[Cocos2d-X] Cocos2d-X Tutorial

Public on May 17, 2014

Scenes (CCScene) (cảnh)

The SpriteDragger object simply creates a blank CCScene and then adds a Layer (subclass of CCLayer) object as a child.
bool SpriteDragger::applicationDidFinishLaunching()
{
   // create a generic scene
   CCScene* scene = CCScene::create();
   
   // add the layer
   Layer* layer = new Layer;
   scene->addChild(layer, 1);
   layer->release(); // addChild() retained so we release
   
   // run the first scene
   CCDirector::sharedDirector()->runWithScene(scene);
   
   return true;
}
So what are scenes and layers?
Scenes define different modes (chế độ) of your game. The main menu is one scene, the actual (thực tế) game play is another. Cocos2d-X makes it really easy to run, swap, push, pop and transition (quá trình chuyển đổi)between scenes.
Every Cocos2d-X app needs at least one scene. As we've already covered(bao phủ), SpriteDraggerX's scene is created in SpriteDragger.cpp.
Scenes are invisible nodes in Cocos2d-X. You can't actually see a scene, but you can see most of its children, like sprites, buttons, backgrounds, etc.

Layers (CCLayer)

Layers are another type of invisible Cocos2d-X node. You can have multiple layers in a scene, though for the most part you'll only need one layer.(mặc dù phần lớn bạn sẽ chỉ cần một lớp.)
Are you familiar with the concept of layers in graphic editing software such as Photoshop? CCLayer objects stack together in a similar way, like sheets of glass. The highest z order is on top.(Giống như tấm kính. Thứ tự z cao nhất là trên đầu trang.)
Layers are unique in that they have the ability to accept input. You just let Cocos2d-X know that you want the layer to receive input by calling this->setTouchEnabled(true). The layer will then receiveccTouchesBegan()ccTouchesMoved() and ccTouchesEnded() messages.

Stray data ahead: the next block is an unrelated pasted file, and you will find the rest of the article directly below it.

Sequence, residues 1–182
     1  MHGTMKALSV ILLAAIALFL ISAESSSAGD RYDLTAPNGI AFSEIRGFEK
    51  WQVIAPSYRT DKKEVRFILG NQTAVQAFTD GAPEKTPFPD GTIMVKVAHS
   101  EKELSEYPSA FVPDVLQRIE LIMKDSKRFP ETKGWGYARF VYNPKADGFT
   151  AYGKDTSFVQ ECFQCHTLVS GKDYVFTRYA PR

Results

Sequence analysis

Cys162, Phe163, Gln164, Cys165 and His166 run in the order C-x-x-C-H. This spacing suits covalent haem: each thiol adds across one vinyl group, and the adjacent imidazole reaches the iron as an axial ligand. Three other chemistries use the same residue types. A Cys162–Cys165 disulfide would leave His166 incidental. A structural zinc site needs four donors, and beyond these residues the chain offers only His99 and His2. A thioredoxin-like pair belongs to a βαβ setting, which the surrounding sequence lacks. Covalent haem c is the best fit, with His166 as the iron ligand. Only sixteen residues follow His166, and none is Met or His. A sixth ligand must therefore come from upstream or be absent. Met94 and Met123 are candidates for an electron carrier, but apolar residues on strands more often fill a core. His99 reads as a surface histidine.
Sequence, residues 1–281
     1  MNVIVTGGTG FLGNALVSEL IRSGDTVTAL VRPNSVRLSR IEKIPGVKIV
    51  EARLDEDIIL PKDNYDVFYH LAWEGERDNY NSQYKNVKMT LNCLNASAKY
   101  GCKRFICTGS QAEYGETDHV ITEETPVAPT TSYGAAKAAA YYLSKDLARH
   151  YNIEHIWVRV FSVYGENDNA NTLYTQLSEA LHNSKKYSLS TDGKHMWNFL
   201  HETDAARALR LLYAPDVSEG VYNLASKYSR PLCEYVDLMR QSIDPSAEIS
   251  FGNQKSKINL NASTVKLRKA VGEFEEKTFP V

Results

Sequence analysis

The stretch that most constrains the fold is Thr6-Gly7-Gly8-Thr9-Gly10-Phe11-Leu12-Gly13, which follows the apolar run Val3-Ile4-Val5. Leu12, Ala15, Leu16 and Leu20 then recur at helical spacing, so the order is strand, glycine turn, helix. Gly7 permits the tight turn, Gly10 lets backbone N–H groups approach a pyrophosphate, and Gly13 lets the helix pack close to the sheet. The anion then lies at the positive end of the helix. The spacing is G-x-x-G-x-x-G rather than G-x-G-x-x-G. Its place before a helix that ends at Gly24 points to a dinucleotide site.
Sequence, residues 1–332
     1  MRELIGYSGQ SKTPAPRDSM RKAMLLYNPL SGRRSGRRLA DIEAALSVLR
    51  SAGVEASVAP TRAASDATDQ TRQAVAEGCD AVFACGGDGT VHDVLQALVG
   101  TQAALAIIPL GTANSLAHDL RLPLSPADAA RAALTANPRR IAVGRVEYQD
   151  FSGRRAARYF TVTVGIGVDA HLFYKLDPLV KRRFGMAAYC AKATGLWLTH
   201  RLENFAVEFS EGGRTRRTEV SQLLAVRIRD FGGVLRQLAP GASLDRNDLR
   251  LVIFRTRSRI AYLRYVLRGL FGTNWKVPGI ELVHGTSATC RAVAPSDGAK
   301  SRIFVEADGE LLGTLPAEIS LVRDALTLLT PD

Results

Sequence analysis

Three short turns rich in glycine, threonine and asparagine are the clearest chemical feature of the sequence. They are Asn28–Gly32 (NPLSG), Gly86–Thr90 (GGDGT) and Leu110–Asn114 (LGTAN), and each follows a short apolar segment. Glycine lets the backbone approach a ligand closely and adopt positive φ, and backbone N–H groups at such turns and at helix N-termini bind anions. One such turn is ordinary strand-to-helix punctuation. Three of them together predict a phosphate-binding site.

Nodes (CCNode)

Layers, as well as scenes and sprites and everything else in Cocos2d-X, derive(bắt nguồn) from nodes (CCNode).
Nodes give every element in Cocos2d-X a common functionality. All nodes have a position, for example, which can be set in order to move the node. Nodes also have anchor points, cameras, z order, rotation, scaling, flipping, skewing and basic on/off visibility.
A node has one possible parent and many possible children. This organizes all Cocos2d-X elements into a hierarchy(hệ thống phân cấp). The scene is at the top of the hierarchy, then comes the layer, then sprites, backgrounds, etc.
Since a node's position is relative to its parent, moving a parent node (such as a layer) moves all of the children nodes as well. This helps to simplify the mathematics for your game. A complex system can be thought of in smaller, more simple chunks.
You can think of nodes like the leaves, branches, and root of a tree. The root is a scene. The branches and leaves are layers and nodes.
(Bạn có thể nghĩ rằng các nút như lá, cành, rễ của cây. Gốc là một cảnh. các cành và lá là lớp và các nút..)

Creating the Background & Sprite

Getting back to the Layer object created by SpriteDragger, we have the following code in the constructor:
Layer::Layer()
{
   // enable touches so we can drag
   this->setTouchEnabled(true);

   // create white background
   this->colorLayer = new CCLayerColor;
   this->colorLayer->initWithColor(ccc4(255, 255, 255, 255));
   this->addChild(this->colorLayer, 1);

   // create sprite
   CCSize iSize = CCDirector::sharedDirector()->getWinSize();
   this->sprite = new CCSprite;
   this->sprite->initWithFile("Sprite.png");
   this->sprite->setPosition(ccp(iSize.width/2.0f, iSize.height/2.0f));
   
   // nudge the anchor point upward because of the shadow
   this->sprite->setAnchorPoint(ccp(0.5f, 0.55f));
   
   // add the sprite to this layer
   this->addChild(this->sprite, 2);
}
The white background color layer is created and added with a z order of 1. This puts the background low in the z order.
The sprite (our beloved yellow sphere) is then created and positioned in the middle of the screen. It is given a z order of 2 so that it is higher than the background.